# Use Fourier's method of separation of variables to solve the boundary value problem

Use Fourier's method of separation of variables to solve the boundary value problem comprising the following PDE and BC:

PDE: $x \sin(y) u_x + \cos(y) u_y = -2 \sin(y) u$, $u = u(x,y)$

Boundary Condition: $u(x,0) = \frac{1}{x}$, for $0 \lt x, 0 \lt y \lt \frac{\pi}{2}$

ATTEMPT:

My first instinct was to divide through by $\sin(y)$ and get $x u_x + \frac{u_y}{\tan(y)} = -2u$

Then letting $u(x,y) = f(x)g(y)$ so that $u_x = f'(x)g(y)$ and $u_y = f(x)g'(y)$

Working it out I get: $$-2 = x \frac{f'(x)}{f(x)} + \frac{1}{\tan(y)} \frac{f'(y)}{f(y)}$$

And this is where I get stuck because to find the constant $= \frac{T'}{T} = \frac{X'}{X}$ is difficult with the number two affecting either side.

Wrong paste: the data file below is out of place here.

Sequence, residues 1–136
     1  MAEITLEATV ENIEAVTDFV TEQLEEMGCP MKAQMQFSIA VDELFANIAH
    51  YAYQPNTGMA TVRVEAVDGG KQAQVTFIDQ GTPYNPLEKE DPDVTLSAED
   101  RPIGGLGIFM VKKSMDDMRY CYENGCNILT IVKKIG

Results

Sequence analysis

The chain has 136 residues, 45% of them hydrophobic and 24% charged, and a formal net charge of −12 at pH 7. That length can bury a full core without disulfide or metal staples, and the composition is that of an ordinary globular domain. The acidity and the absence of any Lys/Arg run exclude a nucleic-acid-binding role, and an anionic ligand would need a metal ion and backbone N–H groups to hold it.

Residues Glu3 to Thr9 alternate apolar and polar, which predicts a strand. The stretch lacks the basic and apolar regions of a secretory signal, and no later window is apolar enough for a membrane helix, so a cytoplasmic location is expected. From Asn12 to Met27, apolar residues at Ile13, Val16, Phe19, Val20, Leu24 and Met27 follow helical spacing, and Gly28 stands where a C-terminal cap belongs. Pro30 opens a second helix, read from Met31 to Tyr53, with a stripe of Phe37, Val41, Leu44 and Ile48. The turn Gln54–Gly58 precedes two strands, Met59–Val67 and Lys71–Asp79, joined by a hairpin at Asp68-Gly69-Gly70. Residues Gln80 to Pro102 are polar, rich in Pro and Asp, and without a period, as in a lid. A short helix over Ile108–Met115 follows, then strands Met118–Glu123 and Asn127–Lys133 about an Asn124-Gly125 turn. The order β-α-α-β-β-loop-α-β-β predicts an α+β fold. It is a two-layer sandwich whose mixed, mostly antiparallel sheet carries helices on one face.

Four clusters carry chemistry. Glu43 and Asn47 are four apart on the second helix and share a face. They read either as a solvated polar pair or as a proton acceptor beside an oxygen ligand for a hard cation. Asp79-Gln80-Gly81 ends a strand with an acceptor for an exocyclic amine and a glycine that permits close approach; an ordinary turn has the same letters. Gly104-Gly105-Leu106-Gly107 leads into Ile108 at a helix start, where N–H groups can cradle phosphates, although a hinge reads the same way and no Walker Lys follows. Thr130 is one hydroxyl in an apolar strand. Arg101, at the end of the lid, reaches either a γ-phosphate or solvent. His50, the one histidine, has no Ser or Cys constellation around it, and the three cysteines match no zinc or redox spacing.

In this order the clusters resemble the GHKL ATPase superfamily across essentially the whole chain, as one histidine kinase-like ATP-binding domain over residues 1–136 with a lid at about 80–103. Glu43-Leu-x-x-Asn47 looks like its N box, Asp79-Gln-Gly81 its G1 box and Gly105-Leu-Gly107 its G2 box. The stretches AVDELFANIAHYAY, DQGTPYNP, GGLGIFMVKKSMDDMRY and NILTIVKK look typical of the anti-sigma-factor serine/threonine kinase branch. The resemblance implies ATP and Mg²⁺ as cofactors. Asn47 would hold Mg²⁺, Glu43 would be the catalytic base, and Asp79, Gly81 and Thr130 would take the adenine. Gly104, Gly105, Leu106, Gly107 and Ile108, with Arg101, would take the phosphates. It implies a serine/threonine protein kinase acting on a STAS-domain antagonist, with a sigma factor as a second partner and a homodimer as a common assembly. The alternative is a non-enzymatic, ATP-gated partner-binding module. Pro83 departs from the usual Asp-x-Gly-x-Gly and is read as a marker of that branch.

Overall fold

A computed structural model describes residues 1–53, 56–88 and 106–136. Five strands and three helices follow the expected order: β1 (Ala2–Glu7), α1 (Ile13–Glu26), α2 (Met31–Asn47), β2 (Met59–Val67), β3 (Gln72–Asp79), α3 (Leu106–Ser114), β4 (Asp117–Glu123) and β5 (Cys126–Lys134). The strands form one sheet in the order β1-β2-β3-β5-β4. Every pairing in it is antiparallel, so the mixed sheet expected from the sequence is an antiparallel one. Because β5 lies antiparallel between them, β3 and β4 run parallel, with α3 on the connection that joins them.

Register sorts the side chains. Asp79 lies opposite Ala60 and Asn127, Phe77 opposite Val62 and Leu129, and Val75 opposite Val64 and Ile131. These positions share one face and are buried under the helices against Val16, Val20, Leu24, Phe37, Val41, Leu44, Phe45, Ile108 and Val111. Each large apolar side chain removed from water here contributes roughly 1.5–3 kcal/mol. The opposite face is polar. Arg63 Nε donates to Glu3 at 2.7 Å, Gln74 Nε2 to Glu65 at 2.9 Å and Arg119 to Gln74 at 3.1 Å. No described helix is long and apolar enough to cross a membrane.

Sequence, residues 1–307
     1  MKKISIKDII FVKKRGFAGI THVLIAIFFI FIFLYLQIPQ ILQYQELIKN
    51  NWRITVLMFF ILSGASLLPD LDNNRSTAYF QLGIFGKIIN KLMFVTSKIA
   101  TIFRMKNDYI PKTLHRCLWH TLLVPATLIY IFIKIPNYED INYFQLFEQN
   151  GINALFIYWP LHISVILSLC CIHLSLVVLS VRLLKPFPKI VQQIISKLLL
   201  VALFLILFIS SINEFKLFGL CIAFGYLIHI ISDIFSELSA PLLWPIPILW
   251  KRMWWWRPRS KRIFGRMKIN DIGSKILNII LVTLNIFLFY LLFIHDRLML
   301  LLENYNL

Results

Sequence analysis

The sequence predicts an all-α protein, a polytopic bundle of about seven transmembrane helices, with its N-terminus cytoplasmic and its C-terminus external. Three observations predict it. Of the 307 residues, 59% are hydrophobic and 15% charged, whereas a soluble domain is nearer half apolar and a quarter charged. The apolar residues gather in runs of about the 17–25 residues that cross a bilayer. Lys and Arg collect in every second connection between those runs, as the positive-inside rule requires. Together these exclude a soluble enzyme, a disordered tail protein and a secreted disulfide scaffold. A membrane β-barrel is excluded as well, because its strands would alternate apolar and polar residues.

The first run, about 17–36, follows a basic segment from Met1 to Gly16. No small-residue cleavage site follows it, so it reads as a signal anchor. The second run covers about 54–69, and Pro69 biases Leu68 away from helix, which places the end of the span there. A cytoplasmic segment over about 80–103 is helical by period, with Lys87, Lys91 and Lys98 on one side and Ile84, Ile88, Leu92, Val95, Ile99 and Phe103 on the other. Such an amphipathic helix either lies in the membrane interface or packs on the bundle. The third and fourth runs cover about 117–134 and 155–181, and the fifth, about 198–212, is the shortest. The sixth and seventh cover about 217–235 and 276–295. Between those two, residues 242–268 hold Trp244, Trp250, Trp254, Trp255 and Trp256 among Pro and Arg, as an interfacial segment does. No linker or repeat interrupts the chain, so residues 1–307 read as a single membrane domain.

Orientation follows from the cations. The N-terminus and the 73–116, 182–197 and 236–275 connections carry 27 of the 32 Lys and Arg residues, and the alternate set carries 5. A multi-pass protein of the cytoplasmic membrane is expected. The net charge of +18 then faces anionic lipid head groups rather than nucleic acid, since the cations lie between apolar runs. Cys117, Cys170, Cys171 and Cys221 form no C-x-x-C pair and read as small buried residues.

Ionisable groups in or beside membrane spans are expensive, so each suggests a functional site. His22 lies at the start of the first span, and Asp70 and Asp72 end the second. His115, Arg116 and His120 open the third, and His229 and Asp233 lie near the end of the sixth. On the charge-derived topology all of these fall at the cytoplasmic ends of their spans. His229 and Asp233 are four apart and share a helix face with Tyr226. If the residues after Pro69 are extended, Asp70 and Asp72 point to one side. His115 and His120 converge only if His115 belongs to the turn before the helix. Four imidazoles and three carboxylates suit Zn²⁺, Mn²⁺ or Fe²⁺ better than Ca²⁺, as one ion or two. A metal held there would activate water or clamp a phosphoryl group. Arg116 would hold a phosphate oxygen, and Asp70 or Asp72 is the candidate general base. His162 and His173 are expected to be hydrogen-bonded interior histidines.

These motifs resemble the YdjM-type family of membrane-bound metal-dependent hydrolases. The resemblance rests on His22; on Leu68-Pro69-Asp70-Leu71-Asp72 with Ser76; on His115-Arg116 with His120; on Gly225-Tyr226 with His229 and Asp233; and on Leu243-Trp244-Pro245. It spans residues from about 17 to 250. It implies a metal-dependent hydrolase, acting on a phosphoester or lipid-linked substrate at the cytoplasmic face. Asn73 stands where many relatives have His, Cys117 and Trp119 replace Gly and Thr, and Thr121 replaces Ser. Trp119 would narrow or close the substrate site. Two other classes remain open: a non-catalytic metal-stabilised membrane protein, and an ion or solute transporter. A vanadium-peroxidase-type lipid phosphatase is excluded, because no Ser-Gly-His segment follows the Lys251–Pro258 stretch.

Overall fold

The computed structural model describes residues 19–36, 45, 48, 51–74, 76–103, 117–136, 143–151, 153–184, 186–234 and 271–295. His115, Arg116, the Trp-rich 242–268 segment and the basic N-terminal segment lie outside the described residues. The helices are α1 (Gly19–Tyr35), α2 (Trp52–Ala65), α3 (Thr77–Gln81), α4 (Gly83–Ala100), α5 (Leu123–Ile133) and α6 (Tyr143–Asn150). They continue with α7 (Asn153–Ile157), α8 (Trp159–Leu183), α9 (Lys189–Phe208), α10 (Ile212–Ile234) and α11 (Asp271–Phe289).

Am I doing this totally wrong?

• Shouldn't $\frac{f'(y)}{f(y)}$ be $\frac{g'(y)}{g(y)}$? – suresh Feb 24 '14 at 0:52

$x\sin(y)u_x+\cos(y)u_y=-2\sin(y)u$

$xu_x+\dfrac{u_y}{\tan(y)}=-2u$

$\dfrac{dy}{dt}=\dfrac{1}{\tan(y)}$ , letting $y(0)=0$ , we have $\cos(y)=e^{-t}$
$\dfrac{dx}{dt}=x$ , letting $x(0)=x_0$ , we have $x=x_0e^t=x_0\sec(y)$
$\dfrac{du}{dt}=-2u$ , letting $u(0)=f(x_0)$ , we have $u(x,y)=f(x_0)e^{-2t}=f(x\cos(y))\cos^2(y)$
$u(x,0)=\dfrac{1}{x}$ :
$f(x)=\dfrac{1}{x}$
$\therefore u(x,y)=\dfrac{\cos^2(y)}{x\cos(y)}=\dfrac{\cos(y)}{x}$